The European Commission has told Italy’s bankrupt national airline, Alitalia, to repay a 300m-euro ($380m; £247m) loan to the Italian government.

The Commission also approved the proposed sale of Alitalia assets to the Cai investor group.

EU Transport Commissioner Antonio Tajani said the rescue loan had to be paid back to the government “by the airline itself”, not by Cai.

He said the government loan to Alitalia amounted to illegal state aid.

As a result, it will have to be repaid out of the proceeds from the airline’s liquidation.

The 300m-euro loan was given to the company, in which the government owns a half share, in April.

‘Smaller and more efficient’

Alitalia filed for bankruptcy in August after dodging the move for years as it battled with frequent strikes, rising oil prices and political interference.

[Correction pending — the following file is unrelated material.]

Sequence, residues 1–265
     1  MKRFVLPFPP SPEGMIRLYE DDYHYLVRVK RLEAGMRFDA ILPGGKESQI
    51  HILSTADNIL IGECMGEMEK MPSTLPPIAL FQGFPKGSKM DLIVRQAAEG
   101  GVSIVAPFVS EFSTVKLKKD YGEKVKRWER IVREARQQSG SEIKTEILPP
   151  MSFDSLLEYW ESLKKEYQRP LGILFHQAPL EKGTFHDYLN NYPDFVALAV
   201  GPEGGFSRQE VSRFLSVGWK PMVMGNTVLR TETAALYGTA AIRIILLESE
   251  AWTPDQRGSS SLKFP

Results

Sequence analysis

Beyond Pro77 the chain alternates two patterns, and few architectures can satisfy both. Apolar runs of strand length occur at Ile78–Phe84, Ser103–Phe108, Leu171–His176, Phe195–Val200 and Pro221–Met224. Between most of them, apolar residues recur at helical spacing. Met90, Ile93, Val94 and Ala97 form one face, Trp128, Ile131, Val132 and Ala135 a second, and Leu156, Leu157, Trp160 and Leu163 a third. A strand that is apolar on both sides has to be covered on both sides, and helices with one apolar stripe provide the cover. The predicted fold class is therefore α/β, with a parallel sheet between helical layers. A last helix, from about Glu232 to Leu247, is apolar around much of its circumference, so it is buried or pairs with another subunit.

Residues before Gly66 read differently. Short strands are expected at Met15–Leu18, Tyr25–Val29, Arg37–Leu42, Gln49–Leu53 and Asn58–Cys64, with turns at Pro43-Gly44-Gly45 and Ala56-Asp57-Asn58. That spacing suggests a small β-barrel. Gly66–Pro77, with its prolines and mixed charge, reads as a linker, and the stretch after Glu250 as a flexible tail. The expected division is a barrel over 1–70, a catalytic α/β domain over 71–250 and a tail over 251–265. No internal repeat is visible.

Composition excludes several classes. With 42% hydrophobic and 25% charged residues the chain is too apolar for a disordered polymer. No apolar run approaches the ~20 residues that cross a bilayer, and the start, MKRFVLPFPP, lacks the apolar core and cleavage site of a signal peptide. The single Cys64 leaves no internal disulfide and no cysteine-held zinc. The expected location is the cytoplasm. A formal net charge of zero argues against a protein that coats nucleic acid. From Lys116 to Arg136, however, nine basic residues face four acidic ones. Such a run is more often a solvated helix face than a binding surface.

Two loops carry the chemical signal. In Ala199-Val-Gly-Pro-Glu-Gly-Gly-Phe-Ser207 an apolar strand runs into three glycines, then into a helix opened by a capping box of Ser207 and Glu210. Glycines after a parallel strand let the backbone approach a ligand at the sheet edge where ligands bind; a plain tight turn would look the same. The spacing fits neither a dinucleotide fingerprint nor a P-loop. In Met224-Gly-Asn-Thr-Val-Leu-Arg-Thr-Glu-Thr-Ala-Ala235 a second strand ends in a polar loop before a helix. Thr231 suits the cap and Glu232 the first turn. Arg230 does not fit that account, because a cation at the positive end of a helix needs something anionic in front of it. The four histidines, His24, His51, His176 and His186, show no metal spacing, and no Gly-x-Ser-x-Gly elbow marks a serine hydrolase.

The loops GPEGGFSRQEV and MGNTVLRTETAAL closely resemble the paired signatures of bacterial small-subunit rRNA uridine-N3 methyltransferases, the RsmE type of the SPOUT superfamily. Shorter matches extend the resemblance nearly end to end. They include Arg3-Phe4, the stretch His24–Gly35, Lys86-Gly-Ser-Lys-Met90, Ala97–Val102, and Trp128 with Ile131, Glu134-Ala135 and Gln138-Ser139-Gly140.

Cai made an offer of 1bn euros for Alitalia two weeks ago.

Mr Tajani said the approved takeover of Alitalia would lead to “the emergence of a private airline, smaller in size but more efficient”.

Meanwhile, many Alitalia employees are upset at plans to sell the bankrupt airline’s profitable assets to Cai, formed by a group of Italian industrialists.

A 24-hour strike by pilots and cabin crew at the national airline started on Tuesday and has caused disruption at Rome’s main airport, Fiumicino.

Alitalia is one of the best-known names in global commercial aviation and has been in business since 1946.